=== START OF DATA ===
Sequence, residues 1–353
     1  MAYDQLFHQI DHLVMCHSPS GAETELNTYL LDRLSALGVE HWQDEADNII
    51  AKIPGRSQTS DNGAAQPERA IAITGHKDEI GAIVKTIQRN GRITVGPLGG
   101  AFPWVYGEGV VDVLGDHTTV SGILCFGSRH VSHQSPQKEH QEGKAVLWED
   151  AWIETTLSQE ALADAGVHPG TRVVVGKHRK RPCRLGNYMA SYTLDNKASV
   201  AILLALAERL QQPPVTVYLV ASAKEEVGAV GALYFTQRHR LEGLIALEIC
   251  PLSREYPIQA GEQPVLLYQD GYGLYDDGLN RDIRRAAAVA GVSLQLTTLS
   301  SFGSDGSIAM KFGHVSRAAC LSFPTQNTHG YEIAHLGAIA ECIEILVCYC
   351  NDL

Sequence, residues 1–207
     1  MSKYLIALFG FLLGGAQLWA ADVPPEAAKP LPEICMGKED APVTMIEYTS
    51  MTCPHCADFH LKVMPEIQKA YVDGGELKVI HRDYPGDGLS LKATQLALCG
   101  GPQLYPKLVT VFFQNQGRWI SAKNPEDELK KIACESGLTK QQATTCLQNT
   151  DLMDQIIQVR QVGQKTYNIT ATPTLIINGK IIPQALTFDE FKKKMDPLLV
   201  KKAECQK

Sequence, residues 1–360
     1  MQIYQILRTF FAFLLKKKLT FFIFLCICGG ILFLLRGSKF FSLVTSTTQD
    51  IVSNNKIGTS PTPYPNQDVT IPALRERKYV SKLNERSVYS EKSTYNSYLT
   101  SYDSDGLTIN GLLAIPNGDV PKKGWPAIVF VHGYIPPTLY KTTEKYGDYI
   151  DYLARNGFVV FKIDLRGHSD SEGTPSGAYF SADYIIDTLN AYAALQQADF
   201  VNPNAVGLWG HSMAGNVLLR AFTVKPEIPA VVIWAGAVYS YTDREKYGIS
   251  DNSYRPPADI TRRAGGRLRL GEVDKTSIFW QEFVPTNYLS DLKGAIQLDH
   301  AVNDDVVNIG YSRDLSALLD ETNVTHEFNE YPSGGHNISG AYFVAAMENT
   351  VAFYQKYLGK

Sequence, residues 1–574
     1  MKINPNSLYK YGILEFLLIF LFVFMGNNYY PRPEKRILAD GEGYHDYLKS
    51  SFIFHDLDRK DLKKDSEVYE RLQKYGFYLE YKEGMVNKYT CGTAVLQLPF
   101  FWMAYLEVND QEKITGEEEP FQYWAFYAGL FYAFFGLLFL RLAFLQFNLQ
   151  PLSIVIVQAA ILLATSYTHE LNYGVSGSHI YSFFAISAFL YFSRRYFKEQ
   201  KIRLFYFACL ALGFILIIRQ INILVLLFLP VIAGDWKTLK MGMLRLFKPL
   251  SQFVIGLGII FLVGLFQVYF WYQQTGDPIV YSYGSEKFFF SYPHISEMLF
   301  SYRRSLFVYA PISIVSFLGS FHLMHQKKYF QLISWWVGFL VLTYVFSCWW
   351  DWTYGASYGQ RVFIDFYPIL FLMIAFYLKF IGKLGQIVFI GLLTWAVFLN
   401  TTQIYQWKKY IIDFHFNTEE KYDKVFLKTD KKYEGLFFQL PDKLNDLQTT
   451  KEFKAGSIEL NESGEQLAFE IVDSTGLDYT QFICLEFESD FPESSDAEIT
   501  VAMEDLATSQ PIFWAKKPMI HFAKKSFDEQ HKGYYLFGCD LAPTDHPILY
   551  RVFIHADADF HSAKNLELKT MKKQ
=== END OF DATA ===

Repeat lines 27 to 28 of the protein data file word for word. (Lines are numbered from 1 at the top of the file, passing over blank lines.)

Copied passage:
    51  SFIFHDLDRK DLKKDSEVYE RLQKYGFYLE YKEGMVNKYT CGTAVLQLPF
   101  FWMAYLEVND QEKITGEEEP FQYWAFYAGL FYAFFGLLFL RLAFLQFNLQ